Municipal Corporations: Actions: Conditions Precedent

1914 Michigan law review  
Known as the Early Journal Content, this set of works include research articles, news, letters, and other writings published in more than 200 of the oldest leading academic journals. The works date from the mid--seventeenth to the early twentieth centuries. We encourage people to read and share the Early Journal Content openly and to tell others that this resource exists. People may post this content online or redistribute in any way for non--commercial purposes. Read more about Early Journal
more » ... out Early Journal Content at http://about.jstor.org/participate--jstor/individuals/early-journal--content. JSTOR is a digital library of academic journals, books, and primary source objects. JSTOR helps people discover, use, and build upon a wide range of content through a powerful research and teaching platform, and preserves this content for future generations. JSTOR is part of ITHAKA, a not--for--profit organization that also includes Ithaka S+R and Portico. For more information about JSTOR, please contact support@jstor.org. RECENT IMPORTANT DECISIONS RECENT IMPORTANT DECISIONS formed, the wages earned up to the time of discharge shall become immediately due and payable, and, if not paid within twenty-four hours after demand, the corporation shall be subject to penalty of five dollars a day. By virtue of this statute the plaintiff recovered $1.93 wages due him by defendant at the time he was discharged, and $95.00, the accumulated daily penalty of five dollars per day for delay in payment. Held that the statute did not deprive the corporation of its property without due process of law, or deny it the equal protection of the laws and the liberty of contract. Wynne v. Seaboard Air Line Ry. (S. iC. 1913) 79 S. E. 52I. The decision in this case was predicated on the constitutional right conferred on the Legislature to alter or repeal all charters of incorporation, CONST. 1895, Art 9, ? 2, and upon such foundation is supported by the weight of authority: St. Louis etc. R. R. Co. v. Paul, 173 U. S. 404; Lawrence v. Rutland R. R. Co. 80 Vt. 370; Sinking Fund Cases, 99 U. S. 700; Commissioners v. Holyoke Water Power Co., 104 Mass. 446; Greenwood v. Freight Co. IO5 U. S. 13; Sprinsg Valley Water Works v. Schottler, IIo U. S. 347. But see State v. Haun, 6I Kans. 146; State v. Goodwill, 33 W. Va. 179; Frorer et al. v. People, 141 Ill. I71; State v. Loomis, 115 Mo. 307; Godcharles v. Wigeman, I113 Pa. St. 431. The court also sustained its decision under the power of the state to legislate for the common good,-commonly called the police power: Chicago etc. Ry. Co. v. McGuire, 219 U. S. 549; Johnson v. Spartan Mills, 68 S. C. 339; Knoxville Iron Co. v. Harbison, 183 U. S. 13; Railway v. Mackey, 127 U. S. 205 . It is observed that the hardship attending the needy laborer by withholding his wages is far greater than the inconvenience to the corporation of departing from their custom or regulation in paying a just debt; and moreover, by such prompt payment, the laborer could use the money in seeking other employlment, thereby preventing him from becoming a burden to the state. Besides this the statute tends to prevent dissatisfaction among laborers, and hence, tends to prevent agitation and strikes among them, which is a matter of grave public policy. See contrary theory in Ritchie v. Illinlois, I55 Ill. 98. MUNICIPAL, CORPORATIONS-ACTIONS--CONDITIONS PRECEDENT.-A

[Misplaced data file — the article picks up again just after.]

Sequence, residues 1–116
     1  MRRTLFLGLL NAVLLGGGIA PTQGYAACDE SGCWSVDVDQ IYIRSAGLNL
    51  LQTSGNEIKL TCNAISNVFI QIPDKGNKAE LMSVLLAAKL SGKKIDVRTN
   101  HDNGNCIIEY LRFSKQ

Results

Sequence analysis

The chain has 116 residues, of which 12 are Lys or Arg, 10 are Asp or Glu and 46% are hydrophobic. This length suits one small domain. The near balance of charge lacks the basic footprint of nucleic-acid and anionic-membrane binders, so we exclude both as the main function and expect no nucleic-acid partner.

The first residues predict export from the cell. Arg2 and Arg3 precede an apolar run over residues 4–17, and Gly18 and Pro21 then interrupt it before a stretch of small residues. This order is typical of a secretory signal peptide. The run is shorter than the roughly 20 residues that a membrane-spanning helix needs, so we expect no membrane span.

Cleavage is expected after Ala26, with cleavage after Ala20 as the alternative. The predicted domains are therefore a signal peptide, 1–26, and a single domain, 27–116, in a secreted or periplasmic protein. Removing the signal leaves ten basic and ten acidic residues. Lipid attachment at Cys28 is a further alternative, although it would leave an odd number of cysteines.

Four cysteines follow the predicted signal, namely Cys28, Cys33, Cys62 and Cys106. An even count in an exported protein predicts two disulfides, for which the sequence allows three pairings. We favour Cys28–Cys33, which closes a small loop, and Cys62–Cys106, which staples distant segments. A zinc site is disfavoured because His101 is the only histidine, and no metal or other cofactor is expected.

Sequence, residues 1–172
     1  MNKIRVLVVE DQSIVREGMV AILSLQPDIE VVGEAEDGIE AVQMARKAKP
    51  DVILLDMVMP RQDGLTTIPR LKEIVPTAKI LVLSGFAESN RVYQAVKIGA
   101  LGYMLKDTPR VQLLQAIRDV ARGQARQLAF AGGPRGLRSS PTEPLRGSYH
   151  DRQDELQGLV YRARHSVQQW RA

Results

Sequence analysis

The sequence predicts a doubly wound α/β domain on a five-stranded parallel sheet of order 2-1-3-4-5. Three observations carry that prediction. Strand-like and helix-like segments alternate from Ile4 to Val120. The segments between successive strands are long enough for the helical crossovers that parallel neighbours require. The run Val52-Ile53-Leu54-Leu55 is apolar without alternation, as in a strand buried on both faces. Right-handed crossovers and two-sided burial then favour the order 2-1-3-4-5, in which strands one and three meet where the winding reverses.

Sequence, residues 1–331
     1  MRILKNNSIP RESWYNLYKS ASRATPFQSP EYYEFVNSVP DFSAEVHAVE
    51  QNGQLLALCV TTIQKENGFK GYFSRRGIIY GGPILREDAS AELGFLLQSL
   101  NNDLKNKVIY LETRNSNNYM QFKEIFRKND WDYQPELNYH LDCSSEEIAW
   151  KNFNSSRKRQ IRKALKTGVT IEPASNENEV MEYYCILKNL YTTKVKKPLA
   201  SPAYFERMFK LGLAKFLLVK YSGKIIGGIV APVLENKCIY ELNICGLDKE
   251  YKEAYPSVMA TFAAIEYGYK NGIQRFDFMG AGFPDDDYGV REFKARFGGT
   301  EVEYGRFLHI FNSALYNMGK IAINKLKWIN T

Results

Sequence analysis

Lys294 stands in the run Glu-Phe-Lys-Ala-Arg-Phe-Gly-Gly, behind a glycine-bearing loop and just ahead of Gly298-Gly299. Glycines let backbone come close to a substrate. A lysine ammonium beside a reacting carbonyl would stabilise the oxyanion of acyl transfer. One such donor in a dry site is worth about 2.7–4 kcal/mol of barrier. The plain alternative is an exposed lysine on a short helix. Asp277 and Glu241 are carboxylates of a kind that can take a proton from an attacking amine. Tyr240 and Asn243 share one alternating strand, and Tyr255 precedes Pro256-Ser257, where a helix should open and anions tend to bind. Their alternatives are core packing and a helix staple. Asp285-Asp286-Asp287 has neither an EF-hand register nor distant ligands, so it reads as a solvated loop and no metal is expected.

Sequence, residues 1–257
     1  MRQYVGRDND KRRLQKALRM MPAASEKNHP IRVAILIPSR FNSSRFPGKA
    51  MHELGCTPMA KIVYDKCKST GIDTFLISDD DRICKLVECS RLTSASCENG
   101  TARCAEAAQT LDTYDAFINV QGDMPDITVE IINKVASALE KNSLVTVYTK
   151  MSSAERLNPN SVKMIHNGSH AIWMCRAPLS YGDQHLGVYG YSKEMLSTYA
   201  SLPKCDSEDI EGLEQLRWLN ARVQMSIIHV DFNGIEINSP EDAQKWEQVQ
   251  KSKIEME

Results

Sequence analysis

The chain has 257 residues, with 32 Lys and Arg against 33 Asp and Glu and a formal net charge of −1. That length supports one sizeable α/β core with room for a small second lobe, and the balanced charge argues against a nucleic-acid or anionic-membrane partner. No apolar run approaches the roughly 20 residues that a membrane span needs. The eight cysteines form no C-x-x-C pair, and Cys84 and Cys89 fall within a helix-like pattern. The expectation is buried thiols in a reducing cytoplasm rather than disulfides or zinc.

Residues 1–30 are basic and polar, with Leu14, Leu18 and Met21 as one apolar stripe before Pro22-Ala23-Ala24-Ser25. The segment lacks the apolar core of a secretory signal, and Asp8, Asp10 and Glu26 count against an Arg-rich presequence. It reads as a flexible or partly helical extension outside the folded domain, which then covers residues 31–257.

doi:10.2307/1276051 fatcat:3m2las4dejdwfkrswowmxhjezq